Do a search on the Roadster forum for "windshield" and you'll get tons of great ideas!
 

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Discussion Starter #13
Thanks Chris, that's exactly what I was hoping for. I was hesitant to twist the bar and am glad to hear that someone has already done it succesfully.

Guess a picture is moot now, but thanks for all the input everyone. I've read all about the other issues but hadn't heard of this one until now. Oh well, more knowledge to keep for the next build, right?:wave:
 

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Bend and Twist

Yes, you can bend and twist the vertical bars with just a vice and a big crescent wrench. But, you should use cloth or rubber to avoid chipping and scratching the chrome plating. Get the bars parallel to the frame plates, then add spacing bars to the frame plates as required.
 

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I just used crescent wrenches until I liked how the window fit nice and easy and square in its happy (so far) home!
 

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The glass will probably crack anyway... after I cracked the top of mine putting on the visors, I took the glass out. There was a nick on one side of the glass laminate on the bottom passenger side. It would have almost surely turned into a crack (unrelated to the one I created). Lexan and forget it.

The little nick appeared to be a manufacturing flaw... one that I have to believe is common based on all the other issues with cracks in the same place. No amount of fiddle jacking with the uprights will stop it.
 

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Invest the time now to get the brackets the way you like them. I didnt spend enough time on this when the body was off so it became very difficult to get mine right. I used wedge shims to compensate for the angle. The upside is that there is less stress on the glass and frame, the downside is that if everyone's looks like this \/ or this ||... mine looks like this! __ __ :D
 

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I ran into the same issues...I took a grinder to the fiberglass to open the hole enough for the arms to fit without touching the body. Trim pieces covered the grinding. FFR does have a left AND right trim part. They sent me two of the same side initially. I used some washers to get the fit right on the frame. I did not want any stress once it was tight. I found if I had any stress it would cause the bottom gasket to move away from the body and leave a gap. I bet I spent several hours messing with the windshield trying to get it just right. it was frustrating.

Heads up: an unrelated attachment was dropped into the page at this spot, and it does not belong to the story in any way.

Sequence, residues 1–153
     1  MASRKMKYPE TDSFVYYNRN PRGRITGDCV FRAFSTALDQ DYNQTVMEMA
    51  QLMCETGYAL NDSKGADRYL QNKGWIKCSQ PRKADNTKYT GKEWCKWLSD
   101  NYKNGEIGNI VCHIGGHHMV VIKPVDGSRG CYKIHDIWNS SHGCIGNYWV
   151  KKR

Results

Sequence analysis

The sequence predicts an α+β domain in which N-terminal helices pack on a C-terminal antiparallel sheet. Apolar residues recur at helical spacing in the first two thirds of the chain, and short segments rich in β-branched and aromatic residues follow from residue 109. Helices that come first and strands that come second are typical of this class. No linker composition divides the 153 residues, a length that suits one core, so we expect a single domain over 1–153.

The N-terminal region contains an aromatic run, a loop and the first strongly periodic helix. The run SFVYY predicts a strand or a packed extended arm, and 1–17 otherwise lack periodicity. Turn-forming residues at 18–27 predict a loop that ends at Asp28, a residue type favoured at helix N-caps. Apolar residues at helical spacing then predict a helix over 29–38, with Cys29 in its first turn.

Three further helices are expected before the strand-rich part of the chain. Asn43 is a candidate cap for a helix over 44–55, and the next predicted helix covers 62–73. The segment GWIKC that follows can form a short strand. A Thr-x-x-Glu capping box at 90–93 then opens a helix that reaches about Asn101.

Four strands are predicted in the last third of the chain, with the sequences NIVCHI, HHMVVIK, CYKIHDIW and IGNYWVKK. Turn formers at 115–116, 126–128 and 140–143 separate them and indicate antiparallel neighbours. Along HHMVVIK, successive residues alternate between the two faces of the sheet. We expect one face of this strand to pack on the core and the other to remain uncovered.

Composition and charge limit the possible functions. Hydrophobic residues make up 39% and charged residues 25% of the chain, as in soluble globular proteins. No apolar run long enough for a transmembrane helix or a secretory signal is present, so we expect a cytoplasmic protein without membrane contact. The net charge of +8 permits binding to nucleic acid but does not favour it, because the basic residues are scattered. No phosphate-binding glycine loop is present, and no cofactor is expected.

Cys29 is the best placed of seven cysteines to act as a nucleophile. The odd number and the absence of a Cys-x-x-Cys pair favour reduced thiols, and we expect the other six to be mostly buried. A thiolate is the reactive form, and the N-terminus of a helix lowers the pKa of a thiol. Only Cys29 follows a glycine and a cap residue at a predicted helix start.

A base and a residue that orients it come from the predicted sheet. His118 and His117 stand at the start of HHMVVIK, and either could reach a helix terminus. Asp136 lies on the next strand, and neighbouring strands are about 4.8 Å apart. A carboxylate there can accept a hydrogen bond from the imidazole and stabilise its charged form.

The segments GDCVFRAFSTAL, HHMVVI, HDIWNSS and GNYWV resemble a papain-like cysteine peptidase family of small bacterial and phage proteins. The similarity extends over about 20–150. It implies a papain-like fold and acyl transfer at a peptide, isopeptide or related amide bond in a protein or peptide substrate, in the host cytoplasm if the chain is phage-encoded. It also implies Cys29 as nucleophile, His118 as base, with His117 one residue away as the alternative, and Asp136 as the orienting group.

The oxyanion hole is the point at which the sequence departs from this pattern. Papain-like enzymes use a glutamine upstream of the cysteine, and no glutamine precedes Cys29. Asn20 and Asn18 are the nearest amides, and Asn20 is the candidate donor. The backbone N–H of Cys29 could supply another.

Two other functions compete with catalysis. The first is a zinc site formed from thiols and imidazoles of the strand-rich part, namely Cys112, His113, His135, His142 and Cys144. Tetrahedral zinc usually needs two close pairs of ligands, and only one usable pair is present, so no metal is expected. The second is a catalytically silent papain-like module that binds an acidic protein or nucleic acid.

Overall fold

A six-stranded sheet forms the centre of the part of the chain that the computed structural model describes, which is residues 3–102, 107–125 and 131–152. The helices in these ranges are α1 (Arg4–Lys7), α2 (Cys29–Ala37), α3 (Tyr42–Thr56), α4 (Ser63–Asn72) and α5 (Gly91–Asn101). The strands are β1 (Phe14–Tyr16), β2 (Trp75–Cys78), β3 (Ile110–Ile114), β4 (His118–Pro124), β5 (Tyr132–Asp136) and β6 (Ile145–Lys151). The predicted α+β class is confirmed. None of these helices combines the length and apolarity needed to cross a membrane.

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I did the same and it worked great. I still needed spacers but they were parallel to the frame. Take your time. Remove rails from windshield, tape them up to protect the thin chrome plating and twist a little at a time. Reinstall and check fit. Repeat as needed.

I just used crescent wrenches until I liked how the window fit nice and easy and square in its happy (so far) home!
 

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I ran into the same issues with my MK3. I learned a bunch working my windshield issues. The side bars mount the way they do to hold the glass on the car. The “step” on the back of the side bars sets in the grove of the windshield frame and prevents the frame from moving back under wind pressure (provided the mounting screws and snug). I’m glad for this as I was getting nervous about the thought of having that windshield in front of me with just a couple of small screws holding it in place as I go flying down the road. The down side is this puts the side bars at a slight angle to mount on the frame.

Like yours the side bars on mine didn’t align with the frame . This was something I didn’t find until I had already re-chromed the side bars after I grooved the driver’s side trying to get the top to align with the frame, so I followed what Chris did but I shaped angles on my spacers. I mounted my belt sander in my Craftsman Work Mate bench and was able to hold the spacers with vice grips. This made the project go fast enough. Faster than getting the side bars to fit.

Here is the link to my side bar issues.
http://www.ffcars.com/forums/17-factory-five-roadsters/433153-windshield-woes-my-journey.html

As for the body holes, I had to recut the FFR pre-cut holes to get the correct alignment and then fiberglass the outer edges back to get them to fit around the frame correctly. The factory holes were way off and at angles that didn’t match the frame.